Ultimately, though, the lounge was made for premium customers and they are in for a treat. Not just because the lounge is kitted out with homely furniture made from natural and sustainable materials, but also because of the innovative, customer-centric service concept that marries personalisation with digitalisation.


The old-fashioned lobby desk where customers wait in line has made way for an open space where customers can request service at a kiosk and sit down, while waiting for a personal lounge assistant to approach them. Within a few months, customers can also use their personal device to request service via the KLM lounge Guide and a location-based mobile service will automatically pinpoint their location.


“We wanted customers to have a faster, more convenient and efficient experience, so we especially recruited and trained agents who will pro-actively engage with the customers.” Armed with iPads and KLM’s famous personal touch, these agents will truly create a memorable experience for customers.


That experience is enhanced by the many features of the lounge, including a separate TV room and a unique terrace across the full width of the lounge with an exciting view of the aircrafts on the tarmac. “Customers told us they wanted to be able to go outside and we made that happen.”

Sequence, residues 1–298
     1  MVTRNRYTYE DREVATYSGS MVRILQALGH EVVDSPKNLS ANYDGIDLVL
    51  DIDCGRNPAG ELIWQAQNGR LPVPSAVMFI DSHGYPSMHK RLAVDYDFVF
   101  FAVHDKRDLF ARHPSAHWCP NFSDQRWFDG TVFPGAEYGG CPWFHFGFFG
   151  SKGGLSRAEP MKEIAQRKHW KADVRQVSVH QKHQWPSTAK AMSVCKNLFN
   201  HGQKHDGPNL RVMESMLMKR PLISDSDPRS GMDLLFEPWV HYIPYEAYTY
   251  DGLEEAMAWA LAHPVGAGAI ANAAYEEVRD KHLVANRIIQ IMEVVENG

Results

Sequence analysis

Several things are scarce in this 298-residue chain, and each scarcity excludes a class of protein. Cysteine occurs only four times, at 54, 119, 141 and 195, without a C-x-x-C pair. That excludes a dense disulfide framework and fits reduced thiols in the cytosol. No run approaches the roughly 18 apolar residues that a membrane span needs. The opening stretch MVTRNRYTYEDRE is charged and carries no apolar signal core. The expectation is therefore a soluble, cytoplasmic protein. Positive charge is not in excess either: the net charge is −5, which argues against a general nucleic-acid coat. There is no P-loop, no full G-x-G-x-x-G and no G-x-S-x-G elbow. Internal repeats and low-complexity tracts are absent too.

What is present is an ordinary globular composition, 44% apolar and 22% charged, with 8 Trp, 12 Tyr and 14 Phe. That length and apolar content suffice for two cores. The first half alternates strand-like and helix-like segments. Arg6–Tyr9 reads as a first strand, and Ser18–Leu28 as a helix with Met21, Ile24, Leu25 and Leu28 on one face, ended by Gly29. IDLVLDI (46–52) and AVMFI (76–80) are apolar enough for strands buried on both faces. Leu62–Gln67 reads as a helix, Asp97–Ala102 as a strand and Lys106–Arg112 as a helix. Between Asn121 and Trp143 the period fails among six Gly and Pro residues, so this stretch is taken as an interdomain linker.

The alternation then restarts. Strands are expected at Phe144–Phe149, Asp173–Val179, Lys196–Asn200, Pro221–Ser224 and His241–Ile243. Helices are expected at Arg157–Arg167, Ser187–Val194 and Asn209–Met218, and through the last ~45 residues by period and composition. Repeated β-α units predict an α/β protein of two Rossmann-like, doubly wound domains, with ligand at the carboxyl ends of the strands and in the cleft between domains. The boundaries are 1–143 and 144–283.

And there is more to come. In the summer of 2019, the second and final phase of the lounge will open when the third-floor à la carte restaurant, serving high quality food and bar will open. “We selected Dutch caterer Vermaat to create a premium dining and bar experience that customers will love.” Also the area for customers to refresh and recharge will open by then.


Once the lounge is fully operational, it will offer room to 1,500 customers on 6,800 m2, of memorable space, up from the 680 people and 2,500 m2 of the old lounge. All in all, this marks a fitting start to KLM’s second century as a leader in global aviation.